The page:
Amendment Included in National Defense Policy Act
December 13, 2013
– Today, the U.S. House passed a series of bills with bipartisan support,
including H.R. 3304, the National Defense Authorization Act of 2014, by a vote
of 350-69, and H. J.
Res. 59, a House-Senate budget agreement that sets overall spending for Fiscal
Years 2014 and 2015, by a vote of 332-94. U.S.
Representative Glenn ‘GT’ Thompson (PA-5) voted to support both measures.
Statement on H.R. 3304:
“The National Defense Authorization Act for Fiscal Year 2014 is long overdue,
despite the House passing its version during the Summer. This bill affords the
military some certainty about policy moving forward and offers the brave men
and women of our military the resources to safely fulfill their missions and
the support they deserve upon return from service.”
Background: H.R. 3304 includes a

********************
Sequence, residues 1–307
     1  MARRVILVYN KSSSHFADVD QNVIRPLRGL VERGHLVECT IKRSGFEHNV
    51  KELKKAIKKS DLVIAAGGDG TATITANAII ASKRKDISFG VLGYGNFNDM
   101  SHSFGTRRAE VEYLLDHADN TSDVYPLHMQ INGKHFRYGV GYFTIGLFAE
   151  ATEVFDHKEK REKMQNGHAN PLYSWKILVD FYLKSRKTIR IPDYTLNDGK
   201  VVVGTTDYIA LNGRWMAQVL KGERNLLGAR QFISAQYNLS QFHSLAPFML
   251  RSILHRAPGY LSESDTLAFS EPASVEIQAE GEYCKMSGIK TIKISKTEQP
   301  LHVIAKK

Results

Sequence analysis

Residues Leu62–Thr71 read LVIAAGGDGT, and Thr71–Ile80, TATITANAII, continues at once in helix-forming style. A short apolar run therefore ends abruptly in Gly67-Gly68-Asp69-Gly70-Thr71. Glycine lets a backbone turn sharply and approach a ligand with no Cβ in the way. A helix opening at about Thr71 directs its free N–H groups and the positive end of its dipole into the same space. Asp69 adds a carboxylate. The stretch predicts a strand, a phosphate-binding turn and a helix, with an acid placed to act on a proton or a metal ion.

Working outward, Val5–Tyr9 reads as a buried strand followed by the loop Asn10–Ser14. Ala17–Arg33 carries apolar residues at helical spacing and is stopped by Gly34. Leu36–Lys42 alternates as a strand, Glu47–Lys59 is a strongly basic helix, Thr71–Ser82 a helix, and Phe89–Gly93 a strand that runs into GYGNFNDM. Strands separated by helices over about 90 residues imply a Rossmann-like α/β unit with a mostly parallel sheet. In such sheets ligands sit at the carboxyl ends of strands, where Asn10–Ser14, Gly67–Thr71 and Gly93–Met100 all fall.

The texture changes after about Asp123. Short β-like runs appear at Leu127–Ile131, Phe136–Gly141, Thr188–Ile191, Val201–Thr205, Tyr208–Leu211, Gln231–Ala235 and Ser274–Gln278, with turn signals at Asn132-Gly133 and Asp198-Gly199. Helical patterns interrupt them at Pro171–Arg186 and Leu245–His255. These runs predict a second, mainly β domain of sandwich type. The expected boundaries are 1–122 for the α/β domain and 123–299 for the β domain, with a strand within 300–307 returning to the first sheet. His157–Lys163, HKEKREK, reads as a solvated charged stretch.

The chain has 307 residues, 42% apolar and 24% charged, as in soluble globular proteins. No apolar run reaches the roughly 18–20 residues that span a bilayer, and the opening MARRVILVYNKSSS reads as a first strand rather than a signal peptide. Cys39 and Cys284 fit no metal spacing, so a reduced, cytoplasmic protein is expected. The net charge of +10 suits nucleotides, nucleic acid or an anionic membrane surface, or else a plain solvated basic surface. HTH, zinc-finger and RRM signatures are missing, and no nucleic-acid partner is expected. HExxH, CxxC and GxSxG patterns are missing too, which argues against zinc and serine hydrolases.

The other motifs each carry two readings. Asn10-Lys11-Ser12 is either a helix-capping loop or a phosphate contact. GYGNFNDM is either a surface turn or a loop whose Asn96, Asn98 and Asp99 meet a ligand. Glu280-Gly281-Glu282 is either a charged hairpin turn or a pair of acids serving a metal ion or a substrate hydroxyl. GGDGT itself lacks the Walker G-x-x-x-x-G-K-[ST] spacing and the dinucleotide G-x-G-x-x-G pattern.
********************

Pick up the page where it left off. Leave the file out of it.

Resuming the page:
dealing with the Transitional Assistance Management Program (TAMP) which offers
180 days of health insurance coverage for service members transitioning into
civilian life. The amendment extends TAMP by an additional 180 days for all
services rendered through telemedicine, to ensure that coverage is available
especially for those with Post Traumatic Stress, symptoms of which often do not
appear until 8 to 10 months following deployment.
amendment builds on Thompson’s 2011 STEP
Public Law 112-81, Section 713, which expanded service member health care
services and theuse of telemedicine at the Department of Defense (DoD).
Statement on H. J. Res. 59: “We were able
to prevent the Senate’s push for new taxes and spending increases and continue
my commitment to deficit reduction. While far from perfect, this bill replaces
the most economically harmful cuts imposed by the sequester with
smarter spending reforms that will produce greater deficit reduction over the
long-term. The bill will avoid harmful cuts to our military and protects our
constitutes a budget agreement reached between the House and Senate for Fiscal
Years 2014 and 2015. According to the Congressional Budget Office (CBO), the
measure would reduce the deficit by $85 billion. After factoring in targeted
replacement of sequester reductions of $62 billion, the savings put towards
deficit reduction will amount to $23 billion.